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Wearing masks and gloves to protect yourself against coronavirus? Experts believe it won't help

Mask and gloves may end up making you more sick.

Last Updated: Mar 18, 2020, 04.14 PM IST
Coronavirus is transmitted via skin contact, transferring infected globules of mucus via the ears, eyes or nose.
PARIS: Wearing masks and gloves as a precaution against coronavirus is ineffective, unnecessary for the vast majority of people, and may even spread infections faster, experts said Tuesday. While near-total lockdowns have been imposed in Italy, Spain and now France, the World Health Organization's advice has remained unchanged since the start of the global outbreak: wash your hands, don't touch your face, and keep your distance.

The WHO says it is advisable to wear a protective mask in public if you suspect you are infected or someone you are caring for is, in which case the advice is to stay home whenever possible.

"There are limits to how a mask can protect you from being infected and we've said the most important thing everyone can do is wash your hands, keep your hands away from your face, observe very precise hygiene," said WHO's emergencies director Mike Ryan.

The advice is all the more urgent given the WHO's estimate that health workers worldwide will need at least 89 million masks every month to treat COVID-19 cases.

There are already shortages of masks for medical professionals around the world, a problem that could get worse as the pandemic drags on.

But the message about masks hasn't reached everyone.

Gloves are not a substitute for washing your hands.

"I'm surprised to see through the window in my ministry lots of people in the street wearing masks when that doesn't correspond to our recommendations," French health minister Olivier Veran said Monday.

Mariam, 35, told AFP that she was wearing a mask because she has an elderly mother.

"Just in case," said Mariam, who was also sporting latex gloves.

Mariam, who didn't want to give her last name, she said she got her mask from "a friend's mother who works in a hospital".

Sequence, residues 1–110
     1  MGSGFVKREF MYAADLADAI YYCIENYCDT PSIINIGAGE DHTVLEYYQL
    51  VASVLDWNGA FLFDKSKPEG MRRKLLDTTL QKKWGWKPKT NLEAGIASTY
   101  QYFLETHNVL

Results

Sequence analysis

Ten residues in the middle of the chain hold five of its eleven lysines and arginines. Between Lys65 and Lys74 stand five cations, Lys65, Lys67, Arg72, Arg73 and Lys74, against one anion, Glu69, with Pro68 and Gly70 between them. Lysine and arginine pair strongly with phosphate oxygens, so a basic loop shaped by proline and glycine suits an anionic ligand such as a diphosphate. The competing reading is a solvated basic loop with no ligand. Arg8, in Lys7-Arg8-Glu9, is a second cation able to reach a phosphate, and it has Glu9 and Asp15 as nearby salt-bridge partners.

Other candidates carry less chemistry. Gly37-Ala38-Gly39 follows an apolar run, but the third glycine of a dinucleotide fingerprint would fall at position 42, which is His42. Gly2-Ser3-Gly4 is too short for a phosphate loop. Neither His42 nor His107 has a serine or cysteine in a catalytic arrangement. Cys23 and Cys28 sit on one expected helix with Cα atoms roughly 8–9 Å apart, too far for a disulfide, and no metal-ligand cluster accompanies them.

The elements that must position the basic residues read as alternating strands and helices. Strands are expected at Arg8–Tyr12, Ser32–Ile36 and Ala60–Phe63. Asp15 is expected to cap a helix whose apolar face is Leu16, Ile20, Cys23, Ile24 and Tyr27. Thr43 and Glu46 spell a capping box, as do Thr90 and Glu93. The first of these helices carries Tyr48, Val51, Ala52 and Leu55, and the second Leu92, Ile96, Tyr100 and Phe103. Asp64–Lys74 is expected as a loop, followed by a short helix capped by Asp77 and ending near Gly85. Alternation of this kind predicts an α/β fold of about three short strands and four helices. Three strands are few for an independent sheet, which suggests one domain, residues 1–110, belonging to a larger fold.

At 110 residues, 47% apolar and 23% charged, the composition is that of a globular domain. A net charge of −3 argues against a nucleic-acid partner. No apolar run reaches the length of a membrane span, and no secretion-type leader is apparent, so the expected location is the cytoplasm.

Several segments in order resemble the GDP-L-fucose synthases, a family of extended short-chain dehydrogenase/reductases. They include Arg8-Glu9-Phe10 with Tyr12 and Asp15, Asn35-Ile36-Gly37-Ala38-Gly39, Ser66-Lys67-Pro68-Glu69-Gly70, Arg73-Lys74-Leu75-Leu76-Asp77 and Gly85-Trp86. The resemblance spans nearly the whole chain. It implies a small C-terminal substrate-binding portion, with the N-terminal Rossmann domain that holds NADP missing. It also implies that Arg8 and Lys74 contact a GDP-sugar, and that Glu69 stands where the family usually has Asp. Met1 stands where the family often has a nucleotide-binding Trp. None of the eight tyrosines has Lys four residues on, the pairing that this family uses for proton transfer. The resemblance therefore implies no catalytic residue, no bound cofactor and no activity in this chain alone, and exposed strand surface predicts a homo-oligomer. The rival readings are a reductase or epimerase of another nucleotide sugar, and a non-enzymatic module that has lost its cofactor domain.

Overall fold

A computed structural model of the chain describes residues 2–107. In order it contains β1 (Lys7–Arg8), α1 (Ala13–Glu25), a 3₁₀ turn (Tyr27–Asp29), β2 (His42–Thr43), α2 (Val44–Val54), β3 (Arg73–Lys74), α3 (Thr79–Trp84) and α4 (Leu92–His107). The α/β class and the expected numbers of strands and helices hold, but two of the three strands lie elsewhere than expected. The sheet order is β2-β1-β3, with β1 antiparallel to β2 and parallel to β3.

As well as hoovering up stocks sorely needed by medical professionals, experts say masks can give people who wear them a false sense of security.

For example, many people who wear them don't follow the official advice of washing their hands thoroughly first, ensuring it's air tight and not to touch it once it's on.

"People are always readjusting their masks and that has the potential to contaminate them," said France's head of health, Jerome Salomon.

"If someone has come across the virus, it's surely going to be on the mask."

Getty Images
hand wash2_GettyImages
Washing hands is important as people touch their face on average 20 times an hour.

Gloves, similarly, don't greatly heighten protection and could even end up making you sick.

"If people cannot stop touching their face, gloves will not serve a purpose," Amesh Adalja, from Johns Hopkins Center for Health Security, told AFP.

One 2015 study in the American Journal of Infection control found that people touch their face on average 20 times an hour.

The novel coronavirus is transmitted via skin contact, transferring infected globules of mucus via the ears, eyes or nose.

"Gloves are not a substitute for washing your hands," said Adalja, adding that surgical gloves should only be used in a medical setting.

Plus, said Veran: "If you're wearing gloves you're not washing your hands." For one Paris resident, Oriane, 32, this is not a problem.

"I wash my gloves," she said, gesturing to her bright blue surgical mitts.

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7 Mar, 2020
Holding hands, an affectionate gesture with romantic undertones, has become taboo in the time of the coronavirus. Handshakes, too, have been outlawed in the boardroom as well as stadiums - and after closing a deal, folks now pick up their phones and send each other formal emails.Lovers in parks sit on benches, their hands skidding across smartphone screens, sending emoji-laced messages. However, exercising one’s primary tactile organs to communicate through gestures might not be as dangerous as using a mobile phone.

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